Class this week – ITB Syndrome

Lots of clients get pain in their hip and knee, through overuse of the Iliotbial Band, sometimes called your ITB, but what causes it and how can you treat it and avoid it altogether.

There is a lot of activity that goes on in this area and a lot of friction, created from the back and forth motion of our legs while walking and running. This motion along with some risk factors are the main contributors to ITB syndrome. Some of the risk factors include running on a hard surface, poor ill-fitting trainers ( check they’re not worn on the outside edge) and overtraining. Also, tightness in the hamstrings, glutes, or quads, can make the situation worse.

 

As you can see in the picture above the band is all tendon and fascia, it’s the longest tendon in the body, it basically helps you to stand up and is not only connects the muscles to the hip and knee joints but is also attached to the gluteus maximus on the lateral side.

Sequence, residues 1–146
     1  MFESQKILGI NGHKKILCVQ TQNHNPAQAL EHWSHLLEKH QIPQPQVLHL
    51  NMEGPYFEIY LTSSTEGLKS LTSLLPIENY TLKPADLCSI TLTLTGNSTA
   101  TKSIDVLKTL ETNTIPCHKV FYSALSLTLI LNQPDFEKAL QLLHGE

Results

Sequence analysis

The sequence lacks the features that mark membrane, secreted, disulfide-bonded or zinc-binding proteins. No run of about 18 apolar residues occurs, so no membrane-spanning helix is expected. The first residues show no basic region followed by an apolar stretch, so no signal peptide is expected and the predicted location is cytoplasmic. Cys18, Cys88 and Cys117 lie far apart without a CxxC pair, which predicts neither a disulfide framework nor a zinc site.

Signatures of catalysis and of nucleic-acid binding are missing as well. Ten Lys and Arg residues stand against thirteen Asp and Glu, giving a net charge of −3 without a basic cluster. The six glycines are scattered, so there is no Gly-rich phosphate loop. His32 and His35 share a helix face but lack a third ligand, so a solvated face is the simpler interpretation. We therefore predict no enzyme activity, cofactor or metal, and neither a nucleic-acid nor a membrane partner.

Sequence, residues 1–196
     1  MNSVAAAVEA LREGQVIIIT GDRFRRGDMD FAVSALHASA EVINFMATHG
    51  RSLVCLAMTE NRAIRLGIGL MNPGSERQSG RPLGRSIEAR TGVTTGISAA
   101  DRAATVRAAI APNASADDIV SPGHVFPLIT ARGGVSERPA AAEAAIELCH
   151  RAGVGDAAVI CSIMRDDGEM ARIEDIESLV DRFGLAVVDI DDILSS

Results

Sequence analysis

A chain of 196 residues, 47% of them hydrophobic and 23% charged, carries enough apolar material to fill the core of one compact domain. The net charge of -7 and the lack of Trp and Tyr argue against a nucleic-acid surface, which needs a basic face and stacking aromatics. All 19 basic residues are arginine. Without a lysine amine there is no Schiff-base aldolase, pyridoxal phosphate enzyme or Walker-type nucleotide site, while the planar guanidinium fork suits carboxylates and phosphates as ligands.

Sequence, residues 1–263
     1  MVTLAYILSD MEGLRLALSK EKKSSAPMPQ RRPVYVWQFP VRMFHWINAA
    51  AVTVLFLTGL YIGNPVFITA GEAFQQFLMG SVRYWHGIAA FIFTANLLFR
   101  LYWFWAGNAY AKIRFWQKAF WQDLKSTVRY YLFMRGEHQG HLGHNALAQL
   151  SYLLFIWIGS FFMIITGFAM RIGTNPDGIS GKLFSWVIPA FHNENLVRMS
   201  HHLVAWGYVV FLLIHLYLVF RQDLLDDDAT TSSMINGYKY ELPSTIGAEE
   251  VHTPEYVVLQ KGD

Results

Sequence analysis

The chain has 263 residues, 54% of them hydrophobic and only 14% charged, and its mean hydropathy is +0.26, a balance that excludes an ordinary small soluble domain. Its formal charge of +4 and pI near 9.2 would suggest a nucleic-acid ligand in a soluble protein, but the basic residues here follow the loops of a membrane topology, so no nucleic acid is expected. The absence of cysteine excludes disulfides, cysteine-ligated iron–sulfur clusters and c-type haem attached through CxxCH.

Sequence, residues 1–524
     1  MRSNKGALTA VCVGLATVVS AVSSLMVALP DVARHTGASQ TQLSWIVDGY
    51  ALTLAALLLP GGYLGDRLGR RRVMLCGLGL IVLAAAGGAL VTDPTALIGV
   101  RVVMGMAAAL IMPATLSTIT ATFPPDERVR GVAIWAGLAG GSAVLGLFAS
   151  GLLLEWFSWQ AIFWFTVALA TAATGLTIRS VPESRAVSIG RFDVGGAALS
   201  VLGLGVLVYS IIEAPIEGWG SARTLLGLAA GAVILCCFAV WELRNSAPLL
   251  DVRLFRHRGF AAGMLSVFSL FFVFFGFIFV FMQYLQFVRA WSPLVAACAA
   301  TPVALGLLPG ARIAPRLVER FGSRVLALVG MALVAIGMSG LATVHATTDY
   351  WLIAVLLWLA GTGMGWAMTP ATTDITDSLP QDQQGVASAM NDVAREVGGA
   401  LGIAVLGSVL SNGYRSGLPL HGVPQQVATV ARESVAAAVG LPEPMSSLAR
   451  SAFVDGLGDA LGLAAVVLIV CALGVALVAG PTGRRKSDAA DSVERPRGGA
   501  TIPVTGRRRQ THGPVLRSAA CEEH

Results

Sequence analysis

Making sure you properly stretch and massage the injured area after exercise, is essential to aid recovery and eliminate it returning. It’s also important to strengthen the ITB and the surrounding muscles (hamstrings, glutes, and quads) to help in resolving the issue. The best approach to getting rid of ITB syndrome is a rehab program that is a little of both stretching and strengthening. Three to five strengthening exercises and stretching and massage is the most effective and fastest way to be injury free.

 

ITB syndrome can be very painful depending on how tight the ITB is. So we stretch out all the leg muscles at the end of class, and on band and magic circle weeks we include some deep stretches to release and strengthen the legs.
Please mention in class if you’ve had an issue with this and I can suggest some exercises for “homework”.
See you in class….